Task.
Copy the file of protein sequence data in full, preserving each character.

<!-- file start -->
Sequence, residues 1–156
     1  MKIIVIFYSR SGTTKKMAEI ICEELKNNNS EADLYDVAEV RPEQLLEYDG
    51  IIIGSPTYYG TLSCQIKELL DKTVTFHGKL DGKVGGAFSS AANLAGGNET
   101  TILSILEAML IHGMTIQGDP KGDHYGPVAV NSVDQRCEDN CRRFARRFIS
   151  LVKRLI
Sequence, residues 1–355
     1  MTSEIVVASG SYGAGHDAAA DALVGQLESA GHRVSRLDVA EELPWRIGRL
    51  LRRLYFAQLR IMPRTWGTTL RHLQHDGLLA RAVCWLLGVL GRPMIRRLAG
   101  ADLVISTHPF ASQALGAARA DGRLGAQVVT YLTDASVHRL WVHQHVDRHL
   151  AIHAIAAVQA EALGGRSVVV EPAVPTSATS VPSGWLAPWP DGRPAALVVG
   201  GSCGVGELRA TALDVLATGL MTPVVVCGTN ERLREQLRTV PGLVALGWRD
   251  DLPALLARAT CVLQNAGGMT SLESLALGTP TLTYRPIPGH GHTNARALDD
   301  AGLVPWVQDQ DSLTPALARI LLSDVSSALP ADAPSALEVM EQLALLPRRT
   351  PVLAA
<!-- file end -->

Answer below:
Sequence, residues 1–156
     1  MKIIVIFYSR SGTTKKMAEI ICEELKNNNS EADLYDVAEV RPEQLLEYDG
    51  IIIGSPTYYG TLSCQIKELL DKTVTFHGKL DGKVGGAFSS AANLAGGNET
   101  TILSILEAML IHGMTIQGDP KGDHYGPVAV NSVDQRCEDN CRRFARRFIS
   151  LVKRLI
Sequence, residues 1–355
     1  MTSEIVVASG SYGAGHDAAA DALVGQLESA GHRVSRLDVA EELPWRIGRL
    51  LRRLYFAQLR IMPRTWGTTL RHLQHDGLLA RAVCWLLGVL GRPMIRRLAG
   101  ADLVISTHPF ASQALGAARA DGRLGAQVVT YLTDASVHRL WVHQHVDRHL
   151  AIHAIAAVQA EALGGRSVVV EPAVPTSATS VPSGWLAPWP DGRPAALVVG
   201  GSCGVGELRA TALDVLATGL MTPVVVCGTN ERLREQLRTV PGLVALGWRD
   251  DLPALLARAT CVLQNAGGMT SLESLALGTP TLTYRPIPGH GHTNARALDD
   301  AGLVPWVQDQ DSLTPALARI LLSDVSSALP ADAPSALEVM EQLALLPRRT
   351  PVLAA